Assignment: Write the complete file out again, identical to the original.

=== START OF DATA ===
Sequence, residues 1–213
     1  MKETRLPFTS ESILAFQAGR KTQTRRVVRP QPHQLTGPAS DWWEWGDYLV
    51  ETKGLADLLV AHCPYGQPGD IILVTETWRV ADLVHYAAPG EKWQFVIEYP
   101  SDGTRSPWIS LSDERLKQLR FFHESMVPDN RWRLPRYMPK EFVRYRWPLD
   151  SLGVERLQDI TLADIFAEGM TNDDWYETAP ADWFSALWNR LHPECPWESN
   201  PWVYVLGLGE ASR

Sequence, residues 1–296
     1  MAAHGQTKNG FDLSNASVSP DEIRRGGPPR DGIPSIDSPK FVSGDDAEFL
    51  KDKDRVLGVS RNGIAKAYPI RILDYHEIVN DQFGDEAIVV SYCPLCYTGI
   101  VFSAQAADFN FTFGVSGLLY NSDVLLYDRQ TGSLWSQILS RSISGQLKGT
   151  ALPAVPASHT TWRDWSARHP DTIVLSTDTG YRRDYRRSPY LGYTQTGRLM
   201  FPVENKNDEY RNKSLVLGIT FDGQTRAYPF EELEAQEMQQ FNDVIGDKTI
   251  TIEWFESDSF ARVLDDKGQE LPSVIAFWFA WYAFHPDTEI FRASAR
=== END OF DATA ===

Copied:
Sequence, residues 1–213
     1  MKETRLPFTS ESILAFQAGR KTQTRRVVRP QPHQLTGPAS DWWEWGDYLV
    51  ETKGLADLLV AHCPYGQPGD IILVTETWRV ADLVHYAAPG EKWQFVIEYP
   101  SDGTRSPWIS LSDERLKQLR FFHESMVPDN RWRLPRYMPK EFVRYRWPLD
   151  SLGVERLQDI TLADIFAEGM TNDDWYETAP ADWFSALWNR LHPECPWESN
   201  PWVYVLGLGE ASR

Sequence, residues 1–296
     1  MAAHGQTKNG FDLSNASVSP DEIRRGGPPR DGIPSIDSPK FVSGDDAEFL
    51  KDKDRVLGVS RNGIAKAYPI RILDYHEIVN DQFGDEAIVV SYCPLCYTGI
   101  VFSAQAADFN FTFGVSGLLY NSDVLLYDRQ TGSLWSQILS RSISGQLKGT
   151  ALPAVPASHT TWRDWSARHP DTIVLSTDTG YRRDYRRSPY LGYTQTGRLM
   201  FPVENKNDEY RNKSLVLGIT FDGQTRAYPF EELEAQEMQQ FNDVIGDKTI
   251  TIEWFESDSF ARVLDDKGQE LPSVIAFWFA WYAFHPDTEI FRASAR